By Steve Goodier
Not many people realize that President Calvin Coolidge did not
always live in the White House. As Vice-President, he became President upon the
death of Warren G. Harding. Mrs. Harding continued to live in the White House
for a time, so the Coolidges remained where they had been living - in the
third-floor suite of the nearby Willard Hotel.
Once in the middle of the night, the new President awoke to see
an intruder going through his clothes. He watched as the thief first removed a
wallet, then unhooked a watch chain. Coolidge calmly spoke up from the darkness:
"About that watch, I wish you wouldn't take that."
The startled man, gaining his voice, asked, "Why?"
Coolidge answered, "I don't mean the watch and chain, only the
charm. I'm very fond of that charm. It means a great deal to me. Take it near
the window and read what is engraved on the back of it."
The burglar read: "Presented to Calvin Coolidge, Speaker of the
House, by the Massachusetts General Court." And now he was more surprised!
"Are you President Coolidge?" he asked. He evidently did not
think he'd find the President sleeping in a hotel!
"Yes, I am, and I don't want you to take that charm," he said.
Then he asked, "Why, Son, are you doing this?"
The young man explained that he and a friend traveled to
Washington during their college break. They spent all of their money and had no
money to pay the hotel bill or pay for train passage back to school. "If you
don't mind," he said, "I'll just take the wallet."
Coolidge did mind. He knew he had about $80 in his wallet. So he
said, "How much will it take to pay your hotel bill and get you and your friend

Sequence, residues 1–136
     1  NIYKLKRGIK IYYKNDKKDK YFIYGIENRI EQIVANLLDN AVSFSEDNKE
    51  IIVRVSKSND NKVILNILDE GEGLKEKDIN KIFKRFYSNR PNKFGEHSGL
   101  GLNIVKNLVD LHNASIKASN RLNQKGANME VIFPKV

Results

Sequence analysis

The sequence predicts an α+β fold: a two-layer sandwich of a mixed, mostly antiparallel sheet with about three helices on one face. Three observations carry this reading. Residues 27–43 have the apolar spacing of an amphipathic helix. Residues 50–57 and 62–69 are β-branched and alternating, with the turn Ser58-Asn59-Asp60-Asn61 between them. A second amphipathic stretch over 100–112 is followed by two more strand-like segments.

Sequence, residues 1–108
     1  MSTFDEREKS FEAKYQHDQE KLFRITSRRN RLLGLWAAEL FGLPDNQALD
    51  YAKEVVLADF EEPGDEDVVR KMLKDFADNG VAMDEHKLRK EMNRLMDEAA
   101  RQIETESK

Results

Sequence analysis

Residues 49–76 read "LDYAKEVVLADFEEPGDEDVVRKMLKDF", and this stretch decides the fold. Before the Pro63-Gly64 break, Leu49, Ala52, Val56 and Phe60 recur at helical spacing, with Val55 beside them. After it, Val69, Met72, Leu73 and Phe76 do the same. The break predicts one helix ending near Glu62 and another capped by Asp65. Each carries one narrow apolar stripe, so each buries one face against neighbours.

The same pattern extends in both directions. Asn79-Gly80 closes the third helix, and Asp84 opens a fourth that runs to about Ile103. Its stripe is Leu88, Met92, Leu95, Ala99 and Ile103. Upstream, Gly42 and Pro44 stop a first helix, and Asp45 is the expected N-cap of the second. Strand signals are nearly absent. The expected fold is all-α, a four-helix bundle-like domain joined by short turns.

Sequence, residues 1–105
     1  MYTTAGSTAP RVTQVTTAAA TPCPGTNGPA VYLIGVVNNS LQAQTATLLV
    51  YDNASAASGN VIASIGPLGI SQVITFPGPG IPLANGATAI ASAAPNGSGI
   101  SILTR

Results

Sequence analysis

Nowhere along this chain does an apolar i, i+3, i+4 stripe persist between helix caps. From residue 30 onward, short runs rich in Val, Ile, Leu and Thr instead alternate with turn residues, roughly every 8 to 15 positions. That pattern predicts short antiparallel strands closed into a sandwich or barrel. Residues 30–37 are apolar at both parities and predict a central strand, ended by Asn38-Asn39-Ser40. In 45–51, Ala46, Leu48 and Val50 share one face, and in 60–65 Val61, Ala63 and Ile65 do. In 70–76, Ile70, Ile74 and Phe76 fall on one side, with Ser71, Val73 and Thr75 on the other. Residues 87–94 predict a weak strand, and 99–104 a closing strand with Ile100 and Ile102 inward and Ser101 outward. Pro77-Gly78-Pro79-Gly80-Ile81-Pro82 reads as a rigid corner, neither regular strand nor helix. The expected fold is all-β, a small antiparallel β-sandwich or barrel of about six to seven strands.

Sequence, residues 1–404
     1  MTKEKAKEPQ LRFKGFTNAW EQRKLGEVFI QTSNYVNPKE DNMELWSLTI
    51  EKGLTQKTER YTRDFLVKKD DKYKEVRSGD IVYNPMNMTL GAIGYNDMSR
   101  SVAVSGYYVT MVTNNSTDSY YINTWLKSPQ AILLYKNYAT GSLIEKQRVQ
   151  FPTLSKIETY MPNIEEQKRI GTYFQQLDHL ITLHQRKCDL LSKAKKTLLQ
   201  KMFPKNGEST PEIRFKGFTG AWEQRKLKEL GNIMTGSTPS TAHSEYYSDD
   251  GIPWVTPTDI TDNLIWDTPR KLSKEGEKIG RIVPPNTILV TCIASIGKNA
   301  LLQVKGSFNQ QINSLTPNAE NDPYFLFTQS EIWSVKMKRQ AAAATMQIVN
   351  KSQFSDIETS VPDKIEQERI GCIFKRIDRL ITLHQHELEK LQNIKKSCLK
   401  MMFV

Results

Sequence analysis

back to the campus? Sit down and let's talk this over."
Coolidge added up the room rate and two rail tickets. It came to
$32. That may not sound like much now, but it was a considerable sum then. "I'll
give you the $32 as a loan," the President said, "and I expect you to pay me
The youth thanked him. Coolidge then advised him to leave by the
same window he used to enter the room, as secret service agents were sure to be
patrolling the hallway. As the young man climbed out, Coolidge left him with
this admonition: "Son, you're a nice boy. You are better than you are acting.
You are starting down the wrong road. Just remember who you are."
It wasn't until after the death of Mrs. Coolidge in 1957 that
this story was allowed to come out. It was first published in the "Los Angeles
Times." And most interesting of all is that the President's notes show that the
young man was indeed better than he was acting. He repaid the $32 loan in full.
Kurt Hahn, the founder of Outward Bound, said this: "There is
more in us than we know. If we can be made to see it, perhaps, for the rest of
our lives, we will be unwilling to settle for less."
Steve Goodier Publisher@LifeSupportSystem.com
is a professional speaker, consultant and author of numerous books. Visit his
site for more information, or to sign up for his FREE newsletter of Life, Love
and Laughter at http://LifeSupportSystem.com.